The Kaminski House
I finally made my way to the Kaminski House and met with Robin Gabriel and Kim Leatherwood who are currently the director and the assistant director of the Kaminski House Museum. Graciously, Kim sat down with me to talk about the history of this magnificently beautiful home and establishment. There are only a handful of places in Georgetown that are absolutely lost in time. It’s as if you walk in and are whisk away into another era. The Kaminski House is one of those places.
The Kaminski House, which overlooks the Sampit River, is a very historical dwelling in Georgetown, South Carolina. It’s one of the oldest structures, being an original plantation house. It was built by Paul Trapier, a wealthy businessman, who reportedly had given the house to his daughter the night before the onset of the Revolutionary War in 1769.
Originally, it was a single house with a stairwell in the middle, separating the two upstairs and downstairs rooms. The original kitchen was located outside (it has since burned down), where the servants would make the food and then bring in the meals to the dining hall. Now, the kitchen is off the dining room on the first floor. The slave quarters, and later, the servant’s quarters are now the gift shop for the museum.
A lot of remodeling has been done to the Kaminski House, started by Mayor George Congdon in 1840. He was the first to enlarge the house. Later around the 1940’s, it was remodeled and enlarged again by Harold and Julia Kaminski.
“Julia Kaminski, the last Kaminski, passed away in 1972,” Kim explained. “She left the house to the city and it is run by the Friends of the Kaminski House which is a non-profit organization.
“She and Harold were world-class travelers and so she collected a lot of 18thand 19th century artifacts and antiques over the years. Julia requested that if anything be sold off, the money goes to a charity: The Seeing Eye Dog Foundation.”
I know some of stories from taking a couple some tours in the Kaminski House. One of those stories is about Julia and Harold’s dog, Frank. Since they were not able to have children, Frank was their child. I’d heard stories that Julia would sometimes dress him in doggy clothes and when he died, they had a full dress funeral. Although Kim did confirm the dog’s name was Frank, I forgot to ask her more about him and where exactly his gravesite is as he’s buried on the property. I’ll have to take the tour again to find out.
The other story I’ve heard was about an elementary class taking the tour and at some point, a little boy asked the volunteer, “Who was the man sitting in the corner smoking a pipe?”
There was no man there for the guided tour. There was only the volunteer and the class. Many have guessed it was the ghost of Harold Kaminski enjoying the stories of lore about his lovely home.
I’ve noticed there are a lot of events that take place with the Kaminski House and I asked Kim about the different things.
“We have a lot of things to offer here,” she explained. “Outside of the three tours we do six days a week, we do a lot of weddings.”
“My daughter was married here,” I offered.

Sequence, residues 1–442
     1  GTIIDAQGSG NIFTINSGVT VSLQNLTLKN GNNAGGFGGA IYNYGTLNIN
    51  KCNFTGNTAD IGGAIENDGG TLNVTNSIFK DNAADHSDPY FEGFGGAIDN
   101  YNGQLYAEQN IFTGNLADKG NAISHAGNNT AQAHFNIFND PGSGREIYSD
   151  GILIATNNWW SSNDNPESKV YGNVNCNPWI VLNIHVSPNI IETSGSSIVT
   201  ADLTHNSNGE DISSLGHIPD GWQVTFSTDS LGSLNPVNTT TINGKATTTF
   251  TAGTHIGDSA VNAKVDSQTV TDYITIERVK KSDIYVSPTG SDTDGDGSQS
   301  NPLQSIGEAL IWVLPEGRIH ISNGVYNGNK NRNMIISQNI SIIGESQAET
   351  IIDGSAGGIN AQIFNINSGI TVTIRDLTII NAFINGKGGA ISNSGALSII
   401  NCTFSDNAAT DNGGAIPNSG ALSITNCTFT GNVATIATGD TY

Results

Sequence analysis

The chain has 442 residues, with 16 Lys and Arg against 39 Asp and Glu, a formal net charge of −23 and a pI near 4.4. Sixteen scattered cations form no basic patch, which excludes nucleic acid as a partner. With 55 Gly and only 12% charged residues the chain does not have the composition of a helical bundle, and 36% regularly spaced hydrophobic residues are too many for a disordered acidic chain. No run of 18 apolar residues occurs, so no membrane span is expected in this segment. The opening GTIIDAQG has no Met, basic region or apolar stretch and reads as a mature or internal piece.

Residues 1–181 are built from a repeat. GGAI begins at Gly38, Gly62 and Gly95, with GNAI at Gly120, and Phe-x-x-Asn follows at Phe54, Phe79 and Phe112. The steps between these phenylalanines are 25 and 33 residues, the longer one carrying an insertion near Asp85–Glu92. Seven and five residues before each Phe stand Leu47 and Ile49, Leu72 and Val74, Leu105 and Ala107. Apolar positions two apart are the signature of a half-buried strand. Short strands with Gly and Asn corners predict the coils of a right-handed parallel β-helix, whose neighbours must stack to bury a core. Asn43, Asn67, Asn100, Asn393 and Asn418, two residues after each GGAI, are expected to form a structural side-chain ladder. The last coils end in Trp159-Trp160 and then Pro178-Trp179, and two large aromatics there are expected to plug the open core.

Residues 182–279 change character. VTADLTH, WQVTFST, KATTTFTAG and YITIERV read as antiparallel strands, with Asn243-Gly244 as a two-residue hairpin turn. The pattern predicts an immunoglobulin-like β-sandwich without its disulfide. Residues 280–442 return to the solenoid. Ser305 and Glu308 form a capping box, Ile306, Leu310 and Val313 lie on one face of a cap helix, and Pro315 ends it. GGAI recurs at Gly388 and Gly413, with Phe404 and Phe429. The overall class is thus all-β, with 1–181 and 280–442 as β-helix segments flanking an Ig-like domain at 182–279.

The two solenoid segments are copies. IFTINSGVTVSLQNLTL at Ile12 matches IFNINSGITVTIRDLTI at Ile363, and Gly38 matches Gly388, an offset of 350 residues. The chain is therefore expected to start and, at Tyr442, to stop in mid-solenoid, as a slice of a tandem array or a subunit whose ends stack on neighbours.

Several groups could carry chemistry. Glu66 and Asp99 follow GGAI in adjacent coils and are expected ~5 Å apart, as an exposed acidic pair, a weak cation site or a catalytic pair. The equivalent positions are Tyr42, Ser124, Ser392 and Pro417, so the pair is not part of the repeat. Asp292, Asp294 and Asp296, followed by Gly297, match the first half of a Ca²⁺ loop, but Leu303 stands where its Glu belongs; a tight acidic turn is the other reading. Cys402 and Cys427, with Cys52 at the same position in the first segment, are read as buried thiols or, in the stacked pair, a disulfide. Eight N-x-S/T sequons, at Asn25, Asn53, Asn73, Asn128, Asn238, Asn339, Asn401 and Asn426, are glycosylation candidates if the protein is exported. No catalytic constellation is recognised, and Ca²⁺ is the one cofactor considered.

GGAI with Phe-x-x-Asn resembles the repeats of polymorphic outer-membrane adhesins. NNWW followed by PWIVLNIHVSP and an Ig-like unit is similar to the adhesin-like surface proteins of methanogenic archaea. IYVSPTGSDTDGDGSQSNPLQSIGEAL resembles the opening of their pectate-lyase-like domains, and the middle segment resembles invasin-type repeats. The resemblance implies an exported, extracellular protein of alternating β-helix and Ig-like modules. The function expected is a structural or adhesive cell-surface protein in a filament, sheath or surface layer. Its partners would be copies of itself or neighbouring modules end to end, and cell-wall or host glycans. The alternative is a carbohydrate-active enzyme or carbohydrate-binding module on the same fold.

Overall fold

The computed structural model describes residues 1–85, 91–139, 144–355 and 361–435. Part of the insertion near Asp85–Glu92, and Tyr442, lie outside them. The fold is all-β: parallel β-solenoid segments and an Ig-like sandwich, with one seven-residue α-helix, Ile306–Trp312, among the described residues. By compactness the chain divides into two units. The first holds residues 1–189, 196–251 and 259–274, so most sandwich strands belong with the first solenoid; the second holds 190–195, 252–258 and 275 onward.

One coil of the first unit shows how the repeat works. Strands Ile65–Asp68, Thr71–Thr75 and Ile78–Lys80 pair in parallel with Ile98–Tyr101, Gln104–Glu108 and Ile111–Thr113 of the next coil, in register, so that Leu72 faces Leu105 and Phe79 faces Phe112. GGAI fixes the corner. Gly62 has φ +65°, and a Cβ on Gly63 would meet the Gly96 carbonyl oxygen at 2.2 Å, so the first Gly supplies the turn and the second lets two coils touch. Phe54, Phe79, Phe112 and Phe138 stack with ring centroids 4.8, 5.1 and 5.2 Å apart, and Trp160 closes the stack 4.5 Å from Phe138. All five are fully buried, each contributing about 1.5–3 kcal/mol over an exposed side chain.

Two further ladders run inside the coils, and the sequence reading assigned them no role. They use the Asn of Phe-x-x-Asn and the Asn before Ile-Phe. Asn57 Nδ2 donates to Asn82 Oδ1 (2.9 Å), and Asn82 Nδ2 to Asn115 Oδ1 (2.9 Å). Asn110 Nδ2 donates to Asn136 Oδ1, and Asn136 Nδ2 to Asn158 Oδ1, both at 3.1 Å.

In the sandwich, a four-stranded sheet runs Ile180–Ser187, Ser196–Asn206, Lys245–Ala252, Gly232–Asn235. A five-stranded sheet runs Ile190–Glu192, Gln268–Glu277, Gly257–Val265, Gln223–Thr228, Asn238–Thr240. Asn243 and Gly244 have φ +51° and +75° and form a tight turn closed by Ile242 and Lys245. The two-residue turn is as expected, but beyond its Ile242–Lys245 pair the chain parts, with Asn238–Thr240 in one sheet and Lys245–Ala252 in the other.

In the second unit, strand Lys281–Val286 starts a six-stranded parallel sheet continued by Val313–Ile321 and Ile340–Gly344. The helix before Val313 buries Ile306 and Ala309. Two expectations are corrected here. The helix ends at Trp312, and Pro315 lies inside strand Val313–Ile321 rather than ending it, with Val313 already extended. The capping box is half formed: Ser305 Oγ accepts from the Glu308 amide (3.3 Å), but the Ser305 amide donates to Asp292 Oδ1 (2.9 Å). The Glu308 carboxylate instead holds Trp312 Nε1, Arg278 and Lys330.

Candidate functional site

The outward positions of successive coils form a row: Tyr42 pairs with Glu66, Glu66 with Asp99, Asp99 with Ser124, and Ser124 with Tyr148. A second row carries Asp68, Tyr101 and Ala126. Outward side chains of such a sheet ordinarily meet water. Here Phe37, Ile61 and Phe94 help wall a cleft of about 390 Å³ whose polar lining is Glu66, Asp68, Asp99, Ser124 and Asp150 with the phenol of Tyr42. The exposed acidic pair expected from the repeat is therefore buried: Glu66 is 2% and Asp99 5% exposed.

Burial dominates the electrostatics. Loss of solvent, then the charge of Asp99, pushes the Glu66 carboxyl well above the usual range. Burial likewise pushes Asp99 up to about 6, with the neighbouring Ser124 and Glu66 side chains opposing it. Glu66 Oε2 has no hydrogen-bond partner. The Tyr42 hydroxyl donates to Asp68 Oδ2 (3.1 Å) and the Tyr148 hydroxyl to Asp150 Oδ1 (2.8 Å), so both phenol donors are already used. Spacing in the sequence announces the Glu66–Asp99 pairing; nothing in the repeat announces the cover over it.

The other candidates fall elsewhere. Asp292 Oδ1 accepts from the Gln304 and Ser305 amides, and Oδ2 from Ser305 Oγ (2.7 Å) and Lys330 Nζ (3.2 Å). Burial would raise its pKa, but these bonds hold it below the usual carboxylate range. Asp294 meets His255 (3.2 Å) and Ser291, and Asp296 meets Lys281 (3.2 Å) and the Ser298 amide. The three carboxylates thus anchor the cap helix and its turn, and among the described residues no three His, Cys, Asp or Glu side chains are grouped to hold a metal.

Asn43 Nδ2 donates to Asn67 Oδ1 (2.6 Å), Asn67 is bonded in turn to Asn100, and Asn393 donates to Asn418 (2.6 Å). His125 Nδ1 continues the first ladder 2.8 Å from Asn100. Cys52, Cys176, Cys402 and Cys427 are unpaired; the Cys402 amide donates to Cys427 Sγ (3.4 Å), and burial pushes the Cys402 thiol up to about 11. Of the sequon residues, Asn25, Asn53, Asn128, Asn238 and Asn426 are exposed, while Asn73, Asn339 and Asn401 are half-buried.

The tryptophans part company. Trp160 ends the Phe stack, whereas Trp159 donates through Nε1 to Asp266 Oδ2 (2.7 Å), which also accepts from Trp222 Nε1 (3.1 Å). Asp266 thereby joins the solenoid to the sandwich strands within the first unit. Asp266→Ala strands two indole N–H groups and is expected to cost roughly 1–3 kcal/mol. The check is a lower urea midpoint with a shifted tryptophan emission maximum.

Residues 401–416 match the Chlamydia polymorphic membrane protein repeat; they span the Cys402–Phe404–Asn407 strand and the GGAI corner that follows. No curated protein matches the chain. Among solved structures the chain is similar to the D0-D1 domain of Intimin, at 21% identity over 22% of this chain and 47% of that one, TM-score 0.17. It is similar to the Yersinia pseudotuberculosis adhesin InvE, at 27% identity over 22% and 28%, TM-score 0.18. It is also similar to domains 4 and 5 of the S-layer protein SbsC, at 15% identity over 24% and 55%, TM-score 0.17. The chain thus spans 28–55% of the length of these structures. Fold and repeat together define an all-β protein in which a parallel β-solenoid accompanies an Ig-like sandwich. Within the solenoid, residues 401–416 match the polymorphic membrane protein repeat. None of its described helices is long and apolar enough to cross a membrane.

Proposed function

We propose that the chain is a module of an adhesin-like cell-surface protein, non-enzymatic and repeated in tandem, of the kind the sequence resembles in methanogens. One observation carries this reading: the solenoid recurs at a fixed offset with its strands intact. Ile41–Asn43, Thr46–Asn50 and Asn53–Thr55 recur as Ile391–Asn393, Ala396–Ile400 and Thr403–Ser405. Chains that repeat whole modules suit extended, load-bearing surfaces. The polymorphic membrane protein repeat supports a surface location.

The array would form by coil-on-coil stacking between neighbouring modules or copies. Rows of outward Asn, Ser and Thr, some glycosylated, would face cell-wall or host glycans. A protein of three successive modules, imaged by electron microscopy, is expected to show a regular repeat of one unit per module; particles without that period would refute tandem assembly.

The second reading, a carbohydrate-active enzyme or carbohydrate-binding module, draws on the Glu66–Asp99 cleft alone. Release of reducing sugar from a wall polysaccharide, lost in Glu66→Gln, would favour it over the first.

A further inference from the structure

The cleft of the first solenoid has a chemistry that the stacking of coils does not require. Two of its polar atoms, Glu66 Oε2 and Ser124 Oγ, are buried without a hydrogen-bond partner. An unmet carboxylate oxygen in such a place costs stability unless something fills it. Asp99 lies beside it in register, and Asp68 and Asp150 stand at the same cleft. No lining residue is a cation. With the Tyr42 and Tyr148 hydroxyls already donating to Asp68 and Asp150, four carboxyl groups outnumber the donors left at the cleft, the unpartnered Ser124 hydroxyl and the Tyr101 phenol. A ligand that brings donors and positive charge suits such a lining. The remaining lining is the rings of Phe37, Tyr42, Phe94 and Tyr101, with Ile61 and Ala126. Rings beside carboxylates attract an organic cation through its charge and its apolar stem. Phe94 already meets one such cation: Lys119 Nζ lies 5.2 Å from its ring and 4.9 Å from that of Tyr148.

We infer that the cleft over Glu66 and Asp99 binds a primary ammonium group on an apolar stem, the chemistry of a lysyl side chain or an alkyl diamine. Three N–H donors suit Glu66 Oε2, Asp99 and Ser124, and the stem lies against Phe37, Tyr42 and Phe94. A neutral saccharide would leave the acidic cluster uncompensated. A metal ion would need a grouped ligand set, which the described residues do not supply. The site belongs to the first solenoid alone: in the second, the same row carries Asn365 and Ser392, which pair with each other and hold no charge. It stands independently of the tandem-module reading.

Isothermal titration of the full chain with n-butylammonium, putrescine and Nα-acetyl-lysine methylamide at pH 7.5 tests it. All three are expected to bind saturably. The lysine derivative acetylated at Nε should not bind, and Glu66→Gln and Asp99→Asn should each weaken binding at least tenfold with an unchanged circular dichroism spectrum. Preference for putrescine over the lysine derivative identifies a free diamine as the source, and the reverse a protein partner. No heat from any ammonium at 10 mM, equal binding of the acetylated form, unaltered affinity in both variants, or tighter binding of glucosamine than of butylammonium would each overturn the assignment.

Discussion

Kim nodded, “Yes, it’s a beautiful place and many people, not just locals, but people from all over come here for their wedding. We also do annual Easter Egg Hunts, we do Candlelight tours in November and December, and recently, we have a very fashionable Christmas with extra decorations.”
“You decorate the house for Christmas?” I asked.
“Oh yes, every year,” she answered. “We also have an all-day event during the fall with Family Fun and Literacy doing special events for children. They do a lot of crafts like making cornhusk dolls, they have a scarecrow kit and make scarecrows, there’s pumpkin face making time and also story time. They’ll read a story in between the crafts and the children just love it. It’s really a fun time. As you can see, it’s more than just guided tours and weddings here. We do so much more at the Kaminski House.”
Kim and I sat and talked about many things, including the Stewart-Parker House which is next door, and also a part of the Kaminski House Museum tour. Although, I did know about the tours, the weddings and the Stewart-Parker House, I never knew about the other social events of the museum and I have to say, I was very pleasantly surprised.
The children’s events give our local children a chance to learn about their heritage, their town and the history thereof. The projects encouragingly stimulate and educate the children of their town’s history. These occasions are not just limited to Georgetonians; children and adults from anywhere can join and be included.
Friends of the Kaminski House and Anderson Brothers Bank bring some of the other events that take place around the house. They sponsor the Indigo Choral Society, which performs on the front lawn of the Kaminski House on the Fourth of July. This event includes songs from the American and Carolina genre, as well, as a salute to our Armed Forces. Don’t forget the snacks and beverages, either.
Kim tells me that Jazz Under the Oaks is a big hit amongst the crowd. It has music from Denny Hess Trio, a Sweets Tent and even a wine tasting event.
“I don’t know if you know Kevin Jayroe, but he often makes a special appearance with Denny Hess Trio,” Kim added.
The Long Bay Symphony Youth Orchestra also performs on the lawn of the Kaminski House with “some of the area’s most talented young musicians.” The days and dates vary, but I will be sure to call the Kaminski House in the future to find out the current times. I cannot wait for the Jazz Under the Oaks to come around again!
Thank you Kim Leatherwood for your time and thank you Julia Kaminski: Without you, we would have a blank page in our town’s beautiful and nostalgic history.